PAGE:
Clemens said lawmakers knew that Maryland’s proximity to the federal government in Washington, D.C., meant that it could be held in the Union by force.
When Union troops seized Federal Hill in Baltimore on April 19, 1861, their fears were confirmed and secession was no longer an option for Maryland, Stephens said.
“Indeed men’s minds were strangely unsettled and it was a long time before they finally settled down to conviction,” Williams wrote of Washington County.
“It was realized that when the hour for the parting of the ways arrived it would be an hour of sadness, rather than of hatred; of regret and sympathy, rather than of wrath and vengeance,” he wrote.
Bearss called Maryland “a border state,” a place where sentiments were divided, where brother would fight against brother, neighbor against neighbor, where the North and the South would converge in bloody battle.
Stephens said that once war was declared, many chose to join the Union and fight for Maryland. Others were drafted.
Some crossed the Potomac River to Harpers Ferry to join the Army of Northern Virginia, she said.
Some, like Bradley Johnson of Frederick and Luke Tiernan Brien of Urbana, became officers in the Confederate army, she said.
Others never made it to the South.
A young Williamsport man, Dewitt Clinton Wrench, wanted to fight for the Confederacy, Clemens said.
To join the Confederacy after the war started, men had to steal away across the Potomac River, but when Wrench tried to leave Williamsport, Clemens said, he was beaten to death in the streets.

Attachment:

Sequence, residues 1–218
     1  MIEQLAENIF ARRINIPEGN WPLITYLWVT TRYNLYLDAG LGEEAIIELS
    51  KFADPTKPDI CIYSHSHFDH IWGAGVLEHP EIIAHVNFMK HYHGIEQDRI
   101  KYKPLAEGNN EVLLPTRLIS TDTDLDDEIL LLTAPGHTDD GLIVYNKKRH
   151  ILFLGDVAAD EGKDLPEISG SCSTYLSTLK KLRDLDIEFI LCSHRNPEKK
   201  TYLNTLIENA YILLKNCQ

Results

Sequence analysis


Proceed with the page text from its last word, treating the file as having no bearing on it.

In Hagerstown and Frederick, Southern sympathizers were rounded up as spies, Stephens said.
Some, she said, were hanged.
The shot that counts
“There were other first shots in the Civil War, but the shot that counts is the shot that was fired at Fort Sumter, at 4:30 a.m. on the morning of the 12th day of April,” Bearss said.
Until the end of 1861, the war had not seriously distressed the people of Washington County, Williams wrote in 1906.
“The presence of the army, whilst offensive to many of the people, had been rather to the advantage of the county in furnishing an excellent market for all kinds of products,” he wrote.
Stephens said residents became opportunists of sorts, selling to whichever army occupied their county at the time.
She told the story of a 6-year-old girl named Virginia Thomas, the daughter of Christian Keefer “CK” Thomas of Frederick County, whose farm would be at the center of the battle at Monocacy.
While staying at the Thomas farm in August 1864, Gen. Ulysses S. Grant asked Virginia whether her parents supported the Union or the Confederacy, Stephens said.
Virginia told Grant that when the Yankees were here, her father was a Yankee; when the Rebels were here, he was a Rebel.
“That is how people felt in this state, it was the nature of being where the armies were marching, where there was constant military presence,” Stephens said. “No one wanted to upset an army capable of destroying their families and farms.”
Washington County was “a battlefield. It was overrun by both armies,” Williams wrote. “Vast quantities of property were destroyed. The population were divided in sentiment, and each portion ascribed to the other the losses and indignities they suffered.”
Residents of central and western Maryland would become so accustomed to troops marching through their towns, taking their livestock and fighting on their farms that they would become callus to the horrors of war, Stephens said.